Wednesday, May 01, 2019

Gluten-Free Yay It's Wednesday Cake! Donut Cake

What? All of your favorite things rolled into one? I know! Festivity, gluten-free-ness, and donut cake, in honor of Wednesday. (For more on the "Yay, It's Wednesday Cake" Cake tradition, please visit this or this.)

How are you, my darlings? We all have teenagers and kids leaving and not leaving, and life is a whirlwind of missing things, if you know what I mean. Ben's absence has been hard for our family. It's gotten much, much better, for sure: he's happy, for one, which we're thrilled about, and Birdy is a delightful person to live with. But boy do we miss that Ben all the time. It's the end of the longest chapter of my life, during which I was a mother with two kids at home. As a friend's daughter once said, after she was weaned, "You used to make milk for me! Now your body just makes poop and pee for nobody." Sigh.

This is the kind of good child who will never go to college! Yay, Birdy! La la la la. Don't talk to me about it.
But I do still get to cook for Birdy, thank god. Like this cake! Which she was delighted to come home to last week, partly because of the festive sign, and partly because it is so, so good: moist and a little gritty and just the right amount sweet and nutmeggy. A perfect cake, and an especially perfect gluten-free cake.

Meanwhile, I've written for Family Circle here, and for Real Simple this month--a weird little essay in addition to my usual etiquette column over there. (I think it's only in the actual magazine, not on the online.) Plus, you can follow me on instagram here! Where it's ALL MENDING ALL THE TIME.

Gluten-Free Donut Cake
This is the best cake I make, and it's a debased riff on the justly famous Busy-Day Cake of cookbook author and local-food pioneer Edna Lewis, which I originally wrote about here. A note on the flour: I recommend half almond meal and half gluten-free all-purpose flour (the kind with, as I like to say, Xanax* in it.) Not only that, but in the one cup of almond meal I use half of the pale floury kind of almond meal and half of the kind that is skin-on and a bit rougher. And not only that BUT I secretly use half regular gf flour and half of this weird whole-grain blend from (the wonderful) Gluten-Free Artisan Bread in 5 Minutes a Day: equal parts, by weight, of oat flour, sorghum flour, teff flour, and brown rice flour. You're welcome. You know what else you can do? Use all of whatever your favorite gf flour is! Seriously. It will be totally good and fine.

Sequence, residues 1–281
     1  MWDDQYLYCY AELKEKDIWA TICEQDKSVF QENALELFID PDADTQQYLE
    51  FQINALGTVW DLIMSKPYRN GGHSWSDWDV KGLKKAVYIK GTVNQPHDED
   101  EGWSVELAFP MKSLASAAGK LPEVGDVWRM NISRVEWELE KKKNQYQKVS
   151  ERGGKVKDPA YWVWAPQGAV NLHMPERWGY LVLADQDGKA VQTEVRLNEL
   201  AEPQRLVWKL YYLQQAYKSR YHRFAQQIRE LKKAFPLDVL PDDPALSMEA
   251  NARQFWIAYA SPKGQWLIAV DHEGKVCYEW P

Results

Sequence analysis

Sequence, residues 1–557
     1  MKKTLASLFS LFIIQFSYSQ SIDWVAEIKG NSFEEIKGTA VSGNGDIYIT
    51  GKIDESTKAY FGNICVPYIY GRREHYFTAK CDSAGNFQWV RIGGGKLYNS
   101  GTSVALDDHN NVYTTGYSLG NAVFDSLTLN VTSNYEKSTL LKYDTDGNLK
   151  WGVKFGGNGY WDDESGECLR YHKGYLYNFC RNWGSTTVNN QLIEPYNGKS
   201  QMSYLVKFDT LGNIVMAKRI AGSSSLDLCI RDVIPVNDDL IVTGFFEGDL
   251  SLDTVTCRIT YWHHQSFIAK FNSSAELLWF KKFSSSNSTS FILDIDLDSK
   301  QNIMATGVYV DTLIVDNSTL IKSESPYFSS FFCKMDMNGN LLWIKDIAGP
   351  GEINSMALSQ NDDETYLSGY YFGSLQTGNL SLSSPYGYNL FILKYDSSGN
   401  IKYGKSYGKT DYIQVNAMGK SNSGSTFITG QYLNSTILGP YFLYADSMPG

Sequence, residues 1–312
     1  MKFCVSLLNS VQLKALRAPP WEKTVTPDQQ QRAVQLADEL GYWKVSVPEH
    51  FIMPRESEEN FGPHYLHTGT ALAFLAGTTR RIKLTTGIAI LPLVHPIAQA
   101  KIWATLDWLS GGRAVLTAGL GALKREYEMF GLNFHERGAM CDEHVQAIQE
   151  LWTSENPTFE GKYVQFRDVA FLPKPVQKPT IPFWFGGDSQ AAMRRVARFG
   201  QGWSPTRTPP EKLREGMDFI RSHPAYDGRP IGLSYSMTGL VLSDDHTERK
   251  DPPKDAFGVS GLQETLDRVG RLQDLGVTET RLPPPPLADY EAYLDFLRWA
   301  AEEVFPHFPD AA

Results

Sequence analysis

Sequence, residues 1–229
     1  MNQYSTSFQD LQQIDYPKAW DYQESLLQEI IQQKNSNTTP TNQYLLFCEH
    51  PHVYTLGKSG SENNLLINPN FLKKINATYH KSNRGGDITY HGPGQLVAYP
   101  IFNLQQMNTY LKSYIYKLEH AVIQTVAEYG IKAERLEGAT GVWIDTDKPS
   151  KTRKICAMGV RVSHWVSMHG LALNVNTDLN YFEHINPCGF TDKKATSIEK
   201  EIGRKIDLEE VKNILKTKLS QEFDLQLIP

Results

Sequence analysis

* Xanthan gum

1 stick butter, at room temperature
1 1/3 cups granulated sugar
3 large eggs, at room temperature
2 teaspoons pure vanilla extract
2 cups gluten-free flour (see headnote)
2 tablespoons cornmeal
3/4 teaspoon kosher salt (or half as much table salt)
2 1/2 teaspoons baking powder
1/2 teaspoon nutmeg, ideally freshly grated
1/2 cup buttermilk, at room temperature

Heat the oven to 375°F. Butter and flour (I use almond flour for this) a 9-inch springform pan, and set it aside.

Beat the butter and sugar in the bowl of a stand mixer until light and fluffy, about two minutes. Add the eggs, one at a time, beating to incorporate after each addition, and add the vanilla. You may want to periodically scrape down sides of bowl with a rubber spatula.

Meanwhile, whisk together the flour(s), cornmeal, salt, baking powder, and nutmeg. Add the flour mixture to the batter in 3 parts, alternating with the buttermilk, starting and ending with flour. Make sure each addition is incorporated before adding next, but don't over-beat it at the end. Spread the batter in the prepared pan and smooth the top.

Bake until the top is puffed and golden brown and a tester inserted in the center comes out clean, about 25-35 minutes (Honestly, I just push the top gently with my fingertip and make sure it seems inclined to spring back). Serve warm or at room temperature, ideally with lightly sweetened fruit (I added about a tablespoon of sugar to a pint of sliced strawberries and two sliced nectarines) and whipped cream. And don't be dismayed if the cake sinks significantly upon cooling: it might, and that's fine.